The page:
House Republicans call for cutting office budgets of lawmakers who use proxy voting

House Republicans call for cutting office budgets of lawmakers who use proxy voting
© Greg Nash

Two House Republicans have introduced legislation that would reduce lawmakers' annual office budgets if they vote by proxy during the coronavirus pandemic instead of traveling to Washington to cast votes in person.

The bill introduced Thursday from GOP Reps. Mike JohnsonJames (Mike) Michael JohnsonGOP lawmakers comply with Pelosi's mask mandate for House floor The Hill's Coronavirus Report: iBIO Chairman and CEO Thomas Isett says developing a safe vaccine is paramount; US surpasses 150,000 coronavirus deaths with roughy one death per minute The Hill's Morning Report - Presented by Facebook - Gohmert tests positive; safety fears escalate on Capitol Hill MORE (La.) and Debbie Lesko (Ariz.) would direct the House Administration Committee cut a lawmaker's annual Member Representational Allowance (MRA) by the amount that would have been spent if they traveled to Washington.

House Democrats adopted rules changes in May that allow lawmakers to cast votes and conduct committee meetings remotely during the coronavirus pandemic to accommodate safety concerns over the risks of congregating closely together in the Capitol. Under the new proxy voting system, lawmakers can authorize colleagues physically present in the Capitol to cast votes on their behalf.

About 70 Democrats voted by proxy for the first time on May 27, while Republicans — who have been pushing to reopen the economy as soon as possible — have insisted on voting in person. House Republicans have also filed a lawsuit challenging the constitutionality of the proxy voting system.

"We've challenged their rule in court, but as long as it is in place, it stands to reason that if any member chooses not to travel to D.C. to vote, his or her taxpayer-funded travel allowance should be deducted by the amount that would have been spent on that trip," Johnson said in a statement.

“If members are not going to travel for votes and instead rely on proxy voting, they should be required to give the money allocated for travel back to the Treasury. It’s only fair," Lesko added.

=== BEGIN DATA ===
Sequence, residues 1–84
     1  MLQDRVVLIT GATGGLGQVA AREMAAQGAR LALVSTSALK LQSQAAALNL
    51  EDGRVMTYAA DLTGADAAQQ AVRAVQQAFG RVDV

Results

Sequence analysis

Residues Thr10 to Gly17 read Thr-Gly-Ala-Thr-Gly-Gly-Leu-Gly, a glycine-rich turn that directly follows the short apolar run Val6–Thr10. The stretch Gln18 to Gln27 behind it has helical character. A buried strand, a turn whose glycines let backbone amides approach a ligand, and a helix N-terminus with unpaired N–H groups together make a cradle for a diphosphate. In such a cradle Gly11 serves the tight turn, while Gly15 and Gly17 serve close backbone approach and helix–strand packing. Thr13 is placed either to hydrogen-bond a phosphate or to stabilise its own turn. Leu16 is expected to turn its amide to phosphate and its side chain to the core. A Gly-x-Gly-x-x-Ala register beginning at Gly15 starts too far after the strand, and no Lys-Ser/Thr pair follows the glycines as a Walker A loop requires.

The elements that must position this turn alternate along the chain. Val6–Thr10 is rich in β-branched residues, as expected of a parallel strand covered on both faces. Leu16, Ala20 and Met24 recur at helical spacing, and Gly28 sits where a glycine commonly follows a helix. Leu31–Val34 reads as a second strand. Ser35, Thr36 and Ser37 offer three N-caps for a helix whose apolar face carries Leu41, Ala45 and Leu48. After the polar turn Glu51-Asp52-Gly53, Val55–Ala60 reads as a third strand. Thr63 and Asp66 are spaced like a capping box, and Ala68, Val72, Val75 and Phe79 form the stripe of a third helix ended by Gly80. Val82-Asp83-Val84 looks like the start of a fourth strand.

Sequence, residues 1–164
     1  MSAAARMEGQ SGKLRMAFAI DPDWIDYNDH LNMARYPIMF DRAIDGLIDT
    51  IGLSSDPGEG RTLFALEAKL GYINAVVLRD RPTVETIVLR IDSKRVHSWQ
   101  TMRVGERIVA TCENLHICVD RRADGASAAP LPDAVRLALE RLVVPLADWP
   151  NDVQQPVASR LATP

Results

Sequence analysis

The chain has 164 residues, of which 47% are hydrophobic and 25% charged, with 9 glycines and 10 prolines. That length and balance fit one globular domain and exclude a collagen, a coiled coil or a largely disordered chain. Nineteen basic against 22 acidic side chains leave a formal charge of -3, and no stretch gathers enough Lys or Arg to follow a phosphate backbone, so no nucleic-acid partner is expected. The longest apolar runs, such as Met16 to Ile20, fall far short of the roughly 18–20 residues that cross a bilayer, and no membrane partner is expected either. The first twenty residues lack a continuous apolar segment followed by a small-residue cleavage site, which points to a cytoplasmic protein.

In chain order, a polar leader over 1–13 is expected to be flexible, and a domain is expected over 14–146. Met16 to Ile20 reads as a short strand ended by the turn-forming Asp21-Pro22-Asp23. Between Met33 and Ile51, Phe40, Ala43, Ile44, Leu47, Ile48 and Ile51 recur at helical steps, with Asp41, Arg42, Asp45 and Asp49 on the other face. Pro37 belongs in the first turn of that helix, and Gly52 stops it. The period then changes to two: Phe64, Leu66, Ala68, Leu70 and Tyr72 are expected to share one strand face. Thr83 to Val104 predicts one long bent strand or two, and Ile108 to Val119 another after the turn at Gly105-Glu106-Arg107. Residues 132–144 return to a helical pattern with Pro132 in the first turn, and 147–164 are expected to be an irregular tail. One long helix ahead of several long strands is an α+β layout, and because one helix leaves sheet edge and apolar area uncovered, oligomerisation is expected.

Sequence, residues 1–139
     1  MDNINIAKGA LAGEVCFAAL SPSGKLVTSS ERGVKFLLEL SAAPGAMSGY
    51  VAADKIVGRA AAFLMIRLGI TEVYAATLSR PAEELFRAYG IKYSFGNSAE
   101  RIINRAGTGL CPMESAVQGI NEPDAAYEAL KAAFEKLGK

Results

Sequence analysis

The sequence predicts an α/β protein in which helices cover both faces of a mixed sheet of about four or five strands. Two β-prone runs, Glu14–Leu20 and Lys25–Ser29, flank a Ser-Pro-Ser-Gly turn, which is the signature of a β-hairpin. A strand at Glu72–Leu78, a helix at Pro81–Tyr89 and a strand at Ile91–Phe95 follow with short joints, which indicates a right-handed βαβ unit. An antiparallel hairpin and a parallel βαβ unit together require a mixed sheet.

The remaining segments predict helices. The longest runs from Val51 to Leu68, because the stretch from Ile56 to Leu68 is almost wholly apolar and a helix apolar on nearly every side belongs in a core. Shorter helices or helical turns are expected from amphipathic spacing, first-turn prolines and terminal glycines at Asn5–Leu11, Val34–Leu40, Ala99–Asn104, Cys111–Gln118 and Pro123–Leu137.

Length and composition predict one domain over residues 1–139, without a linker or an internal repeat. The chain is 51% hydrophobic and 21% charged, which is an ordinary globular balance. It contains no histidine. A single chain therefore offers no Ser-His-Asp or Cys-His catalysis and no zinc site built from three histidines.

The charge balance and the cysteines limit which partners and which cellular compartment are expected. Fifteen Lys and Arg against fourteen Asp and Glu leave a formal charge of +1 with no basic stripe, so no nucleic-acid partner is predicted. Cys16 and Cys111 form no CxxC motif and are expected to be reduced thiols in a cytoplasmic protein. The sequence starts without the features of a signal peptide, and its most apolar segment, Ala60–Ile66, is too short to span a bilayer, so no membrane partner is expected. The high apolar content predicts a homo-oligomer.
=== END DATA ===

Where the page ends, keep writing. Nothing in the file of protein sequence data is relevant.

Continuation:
The size of individual MRAs varies by each lawmaker. Each MRA includes a mileage allowance, which is based on the distance between a lawmaker's district and Washington, that can be used to pay for official travel expenses.

Many of the Democrats who voted by proxy last month hail from districts on the West Coast, meaning that their MRAs would have higher mileage allowances.

Lesko previously offered a similar proposal to cut lawmakers' MRAs if they vote by proxy or attend a proceeding remotely during a House Rules Committee markup of the resolution enacting the rules changes last month. But it was rejected along party lines.

Rep. Jamie RaskinJamin (Jamie) Ben RaskinCongress must enact a plan to keep government workers safe Five takeaways from Fauci's testimony GOP lawmakers comply with Pelosi's mask mandate for House floor MORE (D-Md.), a member of the Rules Committee, suggested at the time that such a proposal should also apply to lawmakers who sleep in their offices to save on real estate costs while in Washington.

"What I recommend to the gentlelady — and I know she's offered this in all sincerity — is that she combine with those people who are saying that members who sleep in their offices should have to return part of their salary to the United States government. Because part of their salary undoubtedly is to cover the costs of their living in Washington when they're here," Raskin said.

House Republicans' lawsuit challenging proxy voting remains ongoing, but President TrumpDonald John TrumpUSPS warns Pennsylvania mail-in ballots may not be delivered in time to be counted Michael Cohen book accuses Trump of corruption, fraud Trump requests mail-in ballot for Florida congressional primary MORE has already signed into law two measures that the House passed with proxy votes. The two bipartisan bills concerning enhanced flexibility for loans offered through the Paycheck Protection Program (PPP) and sanctions on officials responsible for China’s forced labor camps targeting Uighur Muslims both passed easily with GOP support.

Trump issued a statement on June 5 after signing the PPP bill urging Congress to "pass the Act anew through traditional in-person voting at the earliest available opportunity." He said that he still signed the bill, despite the ongoing GOP lawsuit, because the measure is "essential to protecting jobs as the nation begins to reopen the economy."

Democrats maintain that proxy voting is constitutional, citing legal precedent finding that each chamber of Congress has the authority to determine its own rules. They also point to precedent in both the House and Senate of proxy voting in committees.

Republicans ended the use of proxy voting in committees in the 1990s under then-Speaker Newt GingrichNewton (Newt) Leroy GingrichMORE (R-Ga.) as part of their reforms to House rules upon winning the majority. But proxy voting is still allowed in Senate committees.

The rules changes adopted by House Democrats only allow proxy voting for 45 days a time, unless Speaker Nancy PelosiNancy PelosiSusan Collins asks postmaster general to address delays of 'critically needed mail' Trump says he'd sign bill funding USPS but won't seek changes to help mail voting On The Money: Senate leaves until September without coronavirus relief agreement | Weekly jobless claims fall below 1 million for first time since March | Trump says no Post Office funding means Democrats 'can't have universal mail-in voting' MORE (D-Calif.) extends it further, and only for the duration of the coronavirus pandemic.